I do wonder if, even at the time, audiences were frightened by this film. Whale’s campy sense of humor plays through the entire picture. I can’t imagine even 1930’s viewers being afraid of an empty shirt chasing people around a room, tossing around glasses of alcohol, dancing pairs of pants, cops swung around by their feet, some of these scenes punctuated by Una O’Conner’s cartoonish shrieks. The effect is comical and no doubt intentionally. As the film develops and the villain’s reign of terror continues, the film eventually develops a horrific tone. The sequence, a montage cut very quickly, where frightened people bolt their doors and nail boards over their windows, conveys a sense of panic properly. The movie would be almost solidly science fiction if it wasn’t for the murders and madness.

If nothing else, Claude Rains’ performance is singularly sinister. Carrying the entire film on the strength of his smoky, craggily voice, Rain is deeply menacing. The monologue he gives, in which he talks about “murdering important men, little men, just to show we make no distinction,” conveys the character’s psychosis while also showing his cunning and darkly funny humor. I also like the sequence where he disposes of Kemp. He makes it clear just how disgusts he is with the guy. I mean, the guy also has one of the best crazy laughs in all of cinema. It’s no surprise this film made Claude Rains a star.

The supporting cast is solid as well. Gloria Stuart’s love interest role is much smaller here then it was in “The Old Dark House.” She mostly cries over her lover’s madness. Still, the scene where she pleads with Griffin, trying to connect to him through his mad monologue about invisible armies, is rather sweet though and the actress’s one major scene. Despite his character being a victim, you can’t help but dislike William Harrigan as Kemp. The guy really is a weasel.

So I like “The Invisible Man.” Claude Rains is awesome, the special effects are still good, Whale’s direction is tip-top, and the script is witty and quick paced. While perhaps less effective then some of the other Universal Monster classics, the film still stands among those films. [7/10]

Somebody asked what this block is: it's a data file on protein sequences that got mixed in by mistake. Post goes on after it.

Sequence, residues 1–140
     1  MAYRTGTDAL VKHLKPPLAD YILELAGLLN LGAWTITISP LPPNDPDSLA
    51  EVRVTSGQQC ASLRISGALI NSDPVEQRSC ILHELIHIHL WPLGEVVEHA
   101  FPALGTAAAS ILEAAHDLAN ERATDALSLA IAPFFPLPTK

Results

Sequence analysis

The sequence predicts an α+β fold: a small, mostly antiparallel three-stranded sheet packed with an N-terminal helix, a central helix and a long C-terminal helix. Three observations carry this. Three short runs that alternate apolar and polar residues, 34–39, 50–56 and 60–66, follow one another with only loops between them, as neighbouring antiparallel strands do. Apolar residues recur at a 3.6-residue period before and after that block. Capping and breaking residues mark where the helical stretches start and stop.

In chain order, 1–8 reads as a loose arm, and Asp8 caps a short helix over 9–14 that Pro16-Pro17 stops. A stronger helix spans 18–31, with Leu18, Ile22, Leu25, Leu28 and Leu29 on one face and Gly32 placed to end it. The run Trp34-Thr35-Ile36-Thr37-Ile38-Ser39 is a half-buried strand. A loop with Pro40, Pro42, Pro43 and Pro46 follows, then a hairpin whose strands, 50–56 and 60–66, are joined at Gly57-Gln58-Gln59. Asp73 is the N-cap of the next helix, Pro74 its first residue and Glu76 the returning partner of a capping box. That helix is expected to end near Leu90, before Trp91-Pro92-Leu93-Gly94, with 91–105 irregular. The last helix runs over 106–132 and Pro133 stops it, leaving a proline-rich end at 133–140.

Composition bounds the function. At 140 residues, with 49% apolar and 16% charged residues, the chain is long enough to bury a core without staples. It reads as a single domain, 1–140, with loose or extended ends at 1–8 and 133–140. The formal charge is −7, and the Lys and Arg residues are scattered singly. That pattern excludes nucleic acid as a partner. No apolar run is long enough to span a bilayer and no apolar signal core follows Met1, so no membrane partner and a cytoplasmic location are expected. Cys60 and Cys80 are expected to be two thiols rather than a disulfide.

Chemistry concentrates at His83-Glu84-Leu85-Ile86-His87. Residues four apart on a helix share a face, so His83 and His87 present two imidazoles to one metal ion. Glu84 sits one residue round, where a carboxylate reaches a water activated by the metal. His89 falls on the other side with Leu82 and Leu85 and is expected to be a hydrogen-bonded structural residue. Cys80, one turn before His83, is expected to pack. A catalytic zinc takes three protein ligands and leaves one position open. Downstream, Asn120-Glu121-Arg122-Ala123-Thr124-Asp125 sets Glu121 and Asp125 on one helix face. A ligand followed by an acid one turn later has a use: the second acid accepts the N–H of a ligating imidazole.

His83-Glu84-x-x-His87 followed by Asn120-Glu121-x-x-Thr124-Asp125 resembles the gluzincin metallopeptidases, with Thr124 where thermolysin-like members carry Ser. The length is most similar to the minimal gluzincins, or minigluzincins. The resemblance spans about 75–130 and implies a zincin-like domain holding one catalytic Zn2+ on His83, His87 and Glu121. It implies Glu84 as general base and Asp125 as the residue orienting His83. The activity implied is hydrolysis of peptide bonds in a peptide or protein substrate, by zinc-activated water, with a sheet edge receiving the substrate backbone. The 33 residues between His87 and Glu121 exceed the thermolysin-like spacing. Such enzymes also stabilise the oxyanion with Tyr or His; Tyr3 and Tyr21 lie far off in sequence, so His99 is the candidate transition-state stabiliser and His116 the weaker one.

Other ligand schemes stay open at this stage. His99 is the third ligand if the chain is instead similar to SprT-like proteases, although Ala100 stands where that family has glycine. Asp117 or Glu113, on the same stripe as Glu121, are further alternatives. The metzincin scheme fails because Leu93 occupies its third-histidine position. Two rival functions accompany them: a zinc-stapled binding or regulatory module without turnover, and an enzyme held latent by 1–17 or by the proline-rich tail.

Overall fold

High School of the Dead: 
“The Dead Way Home”
After an intro showing zombies on Air Force One (That’s a movie I’d watch), our main cast head into a housing development with a new supply of weapons and clean clothes. Apparently Jeeps can traverse rivers. This episode gets some mileage out juxtaposing zombie violence with traditional Japanese cherry blossoms. And this is probably just the “Tenchi Muyo” fan in me but I also like the romantic shenanigans. Despite Rei and Boring Hero Guy obviously being a couple, the show ships him and Sword Girl hard. (Bonus points for the filk. No points for the jokes about women drivers or the panties blowing in the wind.)

The good mood dead-ends quite literally halfway through. The Jeep is immobilized in a genuinely thrilling moment and the teens have to fight off a huge crowd of encroaching zombies. Hero Guy discovers the joys of blasting zombies with a shotgun but makes the mistake of dropping his ammo. The show lathers almost as much attention on guns as its does on the girls’ bodies. Fat Nerd gives the cast and the audience instructions on how to operate guns. Saeko, that’s Sword Girl, continues to be a fucking superhero by downing dozens of undead with a wooden sword. The action is super-stylized. The show continues to outdo itself in terms of perverted stupidity. Here we have a slow-motion shot of a bullet passing under a girl’s legs and between her bounding breasts. I don’t know if I should be insulted or impressed. Generally speaking, episode eight doubles down on the jiggle.

I’m starting to really like Maggie Flecknoe’s performance as Saya. She’s brings authority to her dialogue, even when it’s yelling at zombies for ruining her new outfit. The episode’s bleak ending is resolved post-credits, which has a new group saving the day and clarifies existing characters’ relationships. “High School of the Dead” continues to work best when focusing on ridiculous action. [7/10]